While Asia is a diverse continent in terms of both culture and development, many countries in the region have responded to recent economic headwinds similarly—by embarking on ambitious reform. Templeton Global Equity Group’s Peter Wilmshurst and Joanne Wong look at some of the proposals on the table, and use their experience of travelling widely in the region, as well as detailed on-the-ground research from colleagues, to suggest that while their intentions may be clear, each individual country faces its own challenges in delivering favourable results.
Peter Wilmshurst, CFA
Executive Vice President
Templeton Global Equity Group
Joanne Wong, CFA
Executive Vice President
Templeton Global Equity Group
In the search for a more sustainable economic growth model—one driven more by consumption and less by fixed asset investment—Chinese authorities have imposed a swathe of structural reforms; and they are by no means alone among their Asia-Pacific counterparts in following such a strategy.
For China in particular, we believe this effort will take time and the path will likely not be smooth. Consequently, we think slower GDP growth compared with years past is likely to continue.
The good news is that China’s leaders seem to recognise the problems of overcapacity, overindebtedness in some sectors, a frothy property market and the declining economic productivity of credit creation. In contrast, Chinese authorities are trying to juggle reforms for both state-owned enterprises and banks, while providing support for growth at the same time, and these objectives are not always in sync. We expect periodic, targeted stimulus measures rather than wholesale easing as economic reform and restructuring take centre stage and China moves to rebalance its investment-centric economy.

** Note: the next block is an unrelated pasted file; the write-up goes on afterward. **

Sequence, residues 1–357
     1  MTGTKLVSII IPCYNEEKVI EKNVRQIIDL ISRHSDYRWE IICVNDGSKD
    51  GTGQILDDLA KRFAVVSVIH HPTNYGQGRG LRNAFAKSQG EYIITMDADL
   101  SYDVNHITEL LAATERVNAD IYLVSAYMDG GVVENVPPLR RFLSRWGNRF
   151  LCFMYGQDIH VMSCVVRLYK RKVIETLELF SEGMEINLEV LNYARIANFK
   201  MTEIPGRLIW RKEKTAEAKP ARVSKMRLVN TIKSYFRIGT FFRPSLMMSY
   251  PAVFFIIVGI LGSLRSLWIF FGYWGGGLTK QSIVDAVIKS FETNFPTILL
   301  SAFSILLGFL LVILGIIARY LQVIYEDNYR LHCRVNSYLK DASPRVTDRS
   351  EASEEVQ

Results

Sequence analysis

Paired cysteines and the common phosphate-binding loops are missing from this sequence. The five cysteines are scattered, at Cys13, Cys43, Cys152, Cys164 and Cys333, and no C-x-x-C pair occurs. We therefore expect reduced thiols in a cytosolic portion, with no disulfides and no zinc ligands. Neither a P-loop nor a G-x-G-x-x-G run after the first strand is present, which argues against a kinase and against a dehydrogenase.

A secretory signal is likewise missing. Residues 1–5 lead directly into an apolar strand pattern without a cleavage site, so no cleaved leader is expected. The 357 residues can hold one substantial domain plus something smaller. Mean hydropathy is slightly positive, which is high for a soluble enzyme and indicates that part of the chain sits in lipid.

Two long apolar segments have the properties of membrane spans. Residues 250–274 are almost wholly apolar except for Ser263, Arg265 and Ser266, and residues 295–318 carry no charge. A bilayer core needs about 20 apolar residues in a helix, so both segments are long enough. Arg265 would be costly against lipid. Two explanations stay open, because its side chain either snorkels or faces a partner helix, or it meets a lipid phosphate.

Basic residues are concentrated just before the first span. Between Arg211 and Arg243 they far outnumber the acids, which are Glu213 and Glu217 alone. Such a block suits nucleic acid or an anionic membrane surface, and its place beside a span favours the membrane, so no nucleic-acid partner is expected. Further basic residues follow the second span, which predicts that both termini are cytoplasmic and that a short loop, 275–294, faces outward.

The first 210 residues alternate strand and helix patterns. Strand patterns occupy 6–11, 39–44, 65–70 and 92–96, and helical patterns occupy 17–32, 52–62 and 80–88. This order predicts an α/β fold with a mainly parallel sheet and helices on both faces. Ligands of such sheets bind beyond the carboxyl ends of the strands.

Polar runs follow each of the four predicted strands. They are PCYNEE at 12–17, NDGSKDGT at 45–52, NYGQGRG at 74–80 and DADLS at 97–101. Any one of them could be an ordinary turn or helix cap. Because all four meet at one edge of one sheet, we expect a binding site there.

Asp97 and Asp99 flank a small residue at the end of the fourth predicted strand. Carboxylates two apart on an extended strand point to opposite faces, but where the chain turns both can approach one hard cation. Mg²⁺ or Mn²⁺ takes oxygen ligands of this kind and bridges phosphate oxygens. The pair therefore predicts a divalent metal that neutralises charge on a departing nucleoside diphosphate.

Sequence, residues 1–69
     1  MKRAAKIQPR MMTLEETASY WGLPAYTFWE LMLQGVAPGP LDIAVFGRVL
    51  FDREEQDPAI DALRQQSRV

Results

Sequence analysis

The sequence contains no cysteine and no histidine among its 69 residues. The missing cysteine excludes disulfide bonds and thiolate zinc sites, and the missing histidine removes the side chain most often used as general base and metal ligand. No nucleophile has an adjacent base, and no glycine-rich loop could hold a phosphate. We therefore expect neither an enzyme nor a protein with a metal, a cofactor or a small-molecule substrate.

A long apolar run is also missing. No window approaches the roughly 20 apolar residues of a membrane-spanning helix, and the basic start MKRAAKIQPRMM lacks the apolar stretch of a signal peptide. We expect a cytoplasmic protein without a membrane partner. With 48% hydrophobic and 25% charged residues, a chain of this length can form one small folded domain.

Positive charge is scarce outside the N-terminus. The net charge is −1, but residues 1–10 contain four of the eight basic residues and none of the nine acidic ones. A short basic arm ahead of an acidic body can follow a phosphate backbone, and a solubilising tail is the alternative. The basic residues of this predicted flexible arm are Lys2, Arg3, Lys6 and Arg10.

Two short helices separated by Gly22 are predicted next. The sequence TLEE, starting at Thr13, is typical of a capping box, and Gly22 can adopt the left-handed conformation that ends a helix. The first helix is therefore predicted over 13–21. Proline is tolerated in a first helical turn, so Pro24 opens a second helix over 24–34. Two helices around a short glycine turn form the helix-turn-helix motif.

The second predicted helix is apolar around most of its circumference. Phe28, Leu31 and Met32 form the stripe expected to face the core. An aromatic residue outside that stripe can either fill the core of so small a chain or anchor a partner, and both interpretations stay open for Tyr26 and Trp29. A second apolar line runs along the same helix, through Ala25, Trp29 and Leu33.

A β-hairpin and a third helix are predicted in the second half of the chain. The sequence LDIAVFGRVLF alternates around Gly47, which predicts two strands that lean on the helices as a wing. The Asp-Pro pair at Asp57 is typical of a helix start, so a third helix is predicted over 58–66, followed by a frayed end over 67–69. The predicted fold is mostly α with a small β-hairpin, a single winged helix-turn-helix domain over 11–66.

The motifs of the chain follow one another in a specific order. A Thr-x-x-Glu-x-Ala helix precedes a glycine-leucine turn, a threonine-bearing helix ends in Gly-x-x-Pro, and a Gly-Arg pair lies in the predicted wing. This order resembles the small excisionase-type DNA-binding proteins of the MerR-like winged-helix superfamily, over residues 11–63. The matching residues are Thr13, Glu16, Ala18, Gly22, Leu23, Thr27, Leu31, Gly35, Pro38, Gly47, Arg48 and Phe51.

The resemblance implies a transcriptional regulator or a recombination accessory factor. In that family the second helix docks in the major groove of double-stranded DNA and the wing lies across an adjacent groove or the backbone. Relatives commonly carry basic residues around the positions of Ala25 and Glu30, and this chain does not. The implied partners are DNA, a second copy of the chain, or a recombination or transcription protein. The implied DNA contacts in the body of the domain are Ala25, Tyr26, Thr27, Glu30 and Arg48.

If China does continue to reorient its economy away from infrastructure, we believe the country could benefit in the long term. The loosening of credit conditions by the People’s Bank of China may, in our view, provide flexibility for structural reforms to be made without excessive economic disruption.
This relatively benign outcome, however, would depend on China’s leadership making wise choices. The country’s most influential legislative body, the National People’s Congress, intends to address the issue of economic reform during its meeting this month.
Meanwhile, we believe earnings and valuation levels are likely to stay under pressure as economic growth slows and capital misallocation is purged from the system.
Given the pressured valuations, we have found selective opportunities in China, though the environment remains challenging given significant economic imbalances and a highly politicized business environment. Furthermore, we believe that overinvestment in infrastructure, corporate fixed assets and real estate represents real risks.
We believe Japan’s historic quantitative easing (QE) efforts have produced limited material benefits for the economy. Japan seems to have become dependent on QE to finance its debt and shows no signs of ending this policy. In our assessment, Japan’s massive QE measures are likely to spread vast amounts of global liquidity this year, potentially benefitting several economies and financial markets around the globe.
QE and fiscal stimulus represent two of the three “arrows” of the Japanese government’s plan to spur growth known as “Abenomics” after Prime Minister Shinzo Abe. While monetary and fiscal reforms are positive first steps towards helping Japan emerge from its economic doldrums, we think the third arrow—structural reforms of the government and corporations—may be just as important.